Microsoft’s Surface devices are legit useful for students and Amazon’s announced a new Kindle electronic reader.
Microsoft’s tablet and notebook options are great for students
There are a couple of things that make Microsoft’s Surface devices appealing for students in high school and university.
One is that they are full-on computers that run the Windows 11 operating system. With so many schools adopting Microsoft Teams and Microsoft 365, it just makes sense to seriously consider being in that ecosystem while you’re in school.
The second reason is the touchscreens. Even the Surface laptops have touchscreens, which is amazingly useful at times, like mucking around with spreadsheets and creating presentation decks.
Me and the kids have been playing with a couple of the most recent models of Surfaces, and we like them.
My primary complaint stems from the Microsoft software needing to constantly authenticate, which can mean that startup time lags while the computer connects to the cloud.
It’s got a 13-inch screen and I like the built-in stand that folds out of the back of the Pro 8, as opposed to having a stand come as part of a case. That’s why it works better than other tablets as a laptop when you pair it with a Surface Pro Signature Keyboard ($230; comes in a model with a fingerprint reader for $250).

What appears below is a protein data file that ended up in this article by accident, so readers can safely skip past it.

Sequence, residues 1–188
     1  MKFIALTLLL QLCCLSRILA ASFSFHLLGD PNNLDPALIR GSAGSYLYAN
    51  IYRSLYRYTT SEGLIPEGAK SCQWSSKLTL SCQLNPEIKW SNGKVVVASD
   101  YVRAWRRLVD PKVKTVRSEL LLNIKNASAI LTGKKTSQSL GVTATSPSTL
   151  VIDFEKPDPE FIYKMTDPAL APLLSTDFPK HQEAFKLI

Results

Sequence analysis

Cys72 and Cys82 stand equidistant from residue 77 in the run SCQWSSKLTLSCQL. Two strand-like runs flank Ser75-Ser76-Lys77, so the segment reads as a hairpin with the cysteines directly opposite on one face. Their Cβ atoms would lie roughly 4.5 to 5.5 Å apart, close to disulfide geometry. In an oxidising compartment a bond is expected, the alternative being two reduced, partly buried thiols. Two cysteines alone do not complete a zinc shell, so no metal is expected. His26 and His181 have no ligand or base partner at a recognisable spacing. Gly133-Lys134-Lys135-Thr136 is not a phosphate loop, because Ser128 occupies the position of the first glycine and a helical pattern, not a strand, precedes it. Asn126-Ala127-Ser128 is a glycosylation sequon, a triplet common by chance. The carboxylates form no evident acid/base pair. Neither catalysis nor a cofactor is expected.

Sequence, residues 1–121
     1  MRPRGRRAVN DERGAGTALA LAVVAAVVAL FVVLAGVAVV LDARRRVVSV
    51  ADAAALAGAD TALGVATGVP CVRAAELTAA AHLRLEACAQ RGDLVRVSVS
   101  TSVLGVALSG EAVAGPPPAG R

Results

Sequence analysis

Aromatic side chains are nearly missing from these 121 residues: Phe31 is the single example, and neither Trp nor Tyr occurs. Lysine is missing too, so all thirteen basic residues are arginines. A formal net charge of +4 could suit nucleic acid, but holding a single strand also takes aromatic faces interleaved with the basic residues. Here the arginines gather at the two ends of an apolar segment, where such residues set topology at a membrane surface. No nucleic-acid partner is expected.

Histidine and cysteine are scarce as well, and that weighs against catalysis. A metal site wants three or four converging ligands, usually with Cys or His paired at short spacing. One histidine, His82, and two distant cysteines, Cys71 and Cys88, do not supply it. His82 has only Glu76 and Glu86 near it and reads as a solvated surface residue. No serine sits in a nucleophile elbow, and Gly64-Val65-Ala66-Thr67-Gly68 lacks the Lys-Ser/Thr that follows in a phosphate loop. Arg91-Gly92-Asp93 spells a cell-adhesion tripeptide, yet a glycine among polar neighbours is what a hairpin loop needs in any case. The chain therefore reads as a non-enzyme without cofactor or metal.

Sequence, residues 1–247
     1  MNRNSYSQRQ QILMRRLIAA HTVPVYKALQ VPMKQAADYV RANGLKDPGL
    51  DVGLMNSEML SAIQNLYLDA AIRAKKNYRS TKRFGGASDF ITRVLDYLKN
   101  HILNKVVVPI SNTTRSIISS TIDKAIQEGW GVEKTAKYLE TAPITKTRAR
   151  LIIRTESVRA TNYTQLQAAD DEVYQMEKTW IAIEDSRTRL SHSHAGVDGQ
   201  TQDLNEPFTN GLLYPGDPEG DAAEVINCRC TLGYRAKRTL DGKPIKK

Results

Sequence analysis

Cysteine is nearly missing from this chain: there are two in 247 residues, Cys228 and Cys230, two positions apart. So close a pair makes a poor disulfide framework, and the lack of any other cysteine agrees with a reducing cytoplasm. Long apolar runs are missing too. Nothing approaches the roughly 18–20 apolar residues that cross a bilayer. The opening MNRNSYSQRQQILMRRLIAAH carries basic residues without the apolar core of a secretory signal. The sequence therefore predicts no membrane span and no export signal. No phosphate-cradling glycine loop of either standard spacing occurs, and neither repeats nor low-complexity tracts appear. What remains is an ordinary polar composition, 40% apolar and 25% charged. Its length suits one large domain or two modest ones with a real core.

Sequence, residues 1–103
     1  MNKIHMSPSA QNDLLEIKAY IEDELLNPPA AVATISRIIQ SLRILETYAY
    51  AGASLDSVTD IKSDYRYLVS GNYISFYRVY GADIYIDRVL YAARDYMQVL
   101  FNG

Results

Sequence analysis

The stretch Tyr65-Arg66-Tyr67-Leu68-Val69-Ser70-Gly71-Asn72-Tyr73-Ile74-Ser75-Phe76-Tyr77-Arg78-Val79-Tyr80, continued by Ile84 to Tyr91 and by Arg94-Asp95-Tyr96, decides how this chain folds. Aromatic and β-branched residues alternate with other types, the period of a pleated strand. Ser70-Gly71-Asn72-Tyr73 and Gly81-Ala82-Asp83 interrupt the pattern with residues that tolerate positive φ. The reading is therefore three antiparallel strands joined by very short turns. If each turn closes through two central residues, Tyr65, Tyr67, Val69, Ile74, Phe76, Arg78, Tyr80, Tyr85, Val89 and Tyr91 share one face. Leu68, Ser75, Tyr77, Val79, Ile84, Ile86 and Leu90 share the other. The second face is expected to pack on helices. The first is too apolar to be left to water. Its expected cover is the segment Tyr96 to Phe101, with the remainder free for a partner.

The Surface Laptop Go 2 (starting at $740) is a full-featured laptop with a crisp 12.4-inch display. It’s small and light and robust, so it can be tossed – gently – into a backpack with a binder and some textbooks.
Microsoft also has a Surface Laptop 4 (starting at $1,099), which is a higher powered laptop intended for business – as opposed to school – purposes. We didn’t try that one out.
Nor did we try the Surface Laptop Studio (starting at $2,049), which has the delightful articulating screen.
As much as I like the Surface devices, I’m still annoyed that Microsoft has such a confusing naming system for them. It shouldn’t be so difficult to figure out which Surface model is best for you, but being able to differentiate between the Pro and the Laptop and the Laptop Go.
But odds are that if you can figure that out, there’s a Microsoft Surface that will work for you.
Amazon’s new Kindle is light and with a better display
On Tuesday, Amazon revealed an update to its popular Kindle electronic reader.
The new Kindle is priced at $130, and a higher resolution display than before. The six-inch screen is non-reflective, so you don’t have to worry about glare in bright light.
And this updated model has 16 GB of storage, double what was in the last model, with enough space for thousands of books, and a battery that will last up to six weeks with regular reading use.
It’s also light enough that you can easily hold it with one hand.
What it lacks, that you can get in the Kindle Paperwhite (for an extra $20), is waterproofing.
The new Kindle is available for pre-order now and will be released on October 12.